“I woke up that morning feeling a cold coming on,” said Wood. “I had a sore throat and was dragging. By fight time it wasn’t much better, but with all of the other stuff going on I was able to gulp it back down and forget it. In the first round I hit Johnson a few good times, but he didn’t go down like some of my previous opponents. He fought back hard and I got clipped a few times and was on the ropes.”

Being on the ropes was not what bothered Wood. It was his reaction that made him so angry, even after having his hand raised in victory.

“I’m on the ropes and I visualize myself from the audience’s perspective—something I never did before—and I think I look horrible. So I say to myself, ‘Lie down. It’s okay. You’re sick, just lie down.’

“Pretty soon after that, I threw that left hook. So what you’re seeing in the clip is me totally pissed and ashamed at myself for having that weak thought creep into my head. I’d worked so hard and for so long to get where I got, and there I was being my own worst enemy.”

Because Wood had acted up after his previous fight, a second round knockout on Long Island a few days earlier, he recalls the tournament administrators being leery of his antics and warning him about causing any more disruptions. But, he says, the anger that raged within him needed an outlet and if he couldn’t take it out on his opponents, he felt he had no choice but to take it out on himself by acting in a boorish manner. 

Wood would lose a close decision in the finals and go home with silver instead of gold. He went on to attend Fordham University, and because of his Jewish and Irish heritage was selected to represent the United States in the Maccabiah Games in Israel in 1976.

But after graduating from Fordham he realized that the demons that had propelled him to so much success in the ring were gone forever, so he opted to become a schoolteacher instead. He has never regretted his decision. 

“I look back at boxing with both ambiguity and certainty,” said Wood. “I was so full of rage, I had no idea who I was or how to control my emotions. Boxing really helped me; it saved my life by transforming me. If not for boxing, I can’t even imagine the nightmare my life would have become or how long I would have lasted. I don’t even want to think about it.”

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Peter Wood Semi Finals, The Felt Forum, NYC, 1971



Peter Wood vs. Larry Gigliello, The Quarter Finals, The Felt Forum, NYC 1971



1971 NYC Golden Gloves--Peter Wood vs Herb Goings, Middleweight Bout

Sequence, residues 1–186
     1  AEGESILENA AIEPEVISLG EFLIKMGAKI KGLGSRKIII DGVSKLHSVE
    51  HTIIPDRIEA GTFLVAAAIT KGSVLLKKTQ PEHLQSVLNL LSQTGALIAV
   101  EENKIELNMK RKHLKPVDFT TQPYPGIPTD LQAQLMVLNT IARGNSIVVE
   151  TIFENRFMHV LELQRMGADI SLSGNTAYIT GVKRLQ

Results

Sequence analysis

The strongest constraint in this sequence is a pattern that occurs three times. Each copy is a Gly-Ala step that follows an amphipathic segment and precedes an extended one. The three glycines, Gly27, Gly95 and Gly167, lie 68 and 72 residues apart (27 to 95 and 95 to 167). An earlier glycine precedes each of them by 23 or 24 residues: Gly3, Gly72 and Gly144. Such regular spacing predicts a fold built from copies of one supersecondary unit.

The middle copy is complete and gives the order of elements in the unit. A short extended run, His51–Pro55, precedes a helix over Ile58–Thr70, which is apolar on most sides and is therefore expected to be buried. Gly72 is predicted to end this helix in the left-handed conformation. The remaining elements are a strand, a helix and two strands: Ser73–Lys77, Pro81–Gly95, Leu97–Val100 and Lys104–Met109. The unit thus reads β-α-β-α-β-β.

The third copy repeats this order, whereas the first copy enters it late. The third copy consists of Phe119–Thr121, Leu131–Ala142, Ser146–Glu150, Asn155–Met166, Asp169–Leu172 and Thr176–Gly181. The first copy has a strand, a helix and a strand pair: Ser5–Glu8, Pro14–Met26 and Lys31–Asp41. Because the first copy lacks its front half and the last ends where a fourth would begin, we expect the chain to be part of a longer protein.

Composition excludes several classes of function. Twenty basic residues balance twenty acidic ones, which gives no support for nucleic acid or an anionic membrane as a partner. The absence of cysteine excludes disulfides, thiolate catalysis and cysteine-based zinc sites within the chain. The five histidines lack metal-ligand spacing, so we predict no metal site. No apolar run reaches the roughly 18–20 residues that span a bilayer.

1971 Golden Gloves Finals -- Peter Wood vs Jose Ventura, held in Madison Square Garden, NYC



Middleweight Peter Wood Shadow Boxing--1980



Peter Wood Chappaqua Library -- Pt.1



Peter Wood Chappaqua Library -- Pt.2



Peter Wood Chappaqua Library -- Pt.3



Peter Wood Chappaqua Library -- Pt.4



Peter Wood Chappaqua Library -- Pt.5



Peter Wood Chappaqua Library -- Pt.6



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  1. bikermike 08:08pm, 04/06/2014

    Robert Mladinich has outlined the principles of the PAL Program…..and I bless him for his efforts
    It’s hard to keep a club up and running….with things being the way they are..God Bless

  2. mikecasey 01:05am, 10/25/2011

    A cracking good and inspirational story without being at all maudlin or mawkish. Nicely done, Robert.

  3. pugknows 12:06am, 10/25/2011

    This is the kind of piece that goes beyond the boxing story and picks up on the human aspects of the sport/business. Totally enjoyable read.

  4. The Thresher 04:17pm, 10/24/2011

    Love you, Bob.

  5. Bob Mladinich 04:10pm, 10/24/2011

    The Thresher: You have a lot of soul. You remind me of the referee Marty Sammon. There should be more like you in this world.

  6. The Thresher 04:07pm, 10/24/2011

    Kind of reminds me of Guy “The Rock” Casele. At some point those demons are gone. Too bad this can’t happen for real combat veterans. Maybe there is something in there that can be learned by those who continue to suffer.

  7. The Thresher 04:03pm, 10/24/2011

    “Shoo Fly Pie and Apple Pan Dowdy,” Holey hell. my sister and I used to sing this all the time.

    Robert, you remain one of my favorite writers and this wonderful piece is witness to that fact. Keep ‘em coming, good buddy.

  8. "Old Yank" Schneider 03:27pm, 10/24/2011

    Great feel to this piece.